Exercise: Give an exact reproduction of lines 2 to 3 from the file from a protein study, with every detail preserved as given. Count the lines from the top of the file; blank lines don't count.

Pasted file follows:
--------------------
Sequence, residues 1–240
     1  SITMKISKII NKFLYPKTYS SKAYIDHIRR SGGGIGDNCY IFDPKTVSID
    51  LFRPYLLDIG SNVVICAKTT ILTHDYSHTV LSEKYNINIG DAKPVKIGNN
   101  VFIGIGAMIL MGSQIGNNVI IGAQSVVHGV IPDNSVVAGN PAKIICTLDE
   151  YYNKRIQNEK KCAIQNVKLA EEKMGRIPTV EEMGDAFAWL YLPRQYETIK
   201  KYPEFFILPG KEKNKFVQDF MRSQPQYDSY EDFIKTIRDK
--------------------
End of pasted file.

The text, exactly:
     1  SITMKISKII NKFLYPKTYS SKAYIDHIRR SGGGIGDNCY IFDPKTVSID
    51  LFRPYLLDIG SNVVICAKTT ILTHDYSHTV LSEKYNINIG DAKPVKIGNN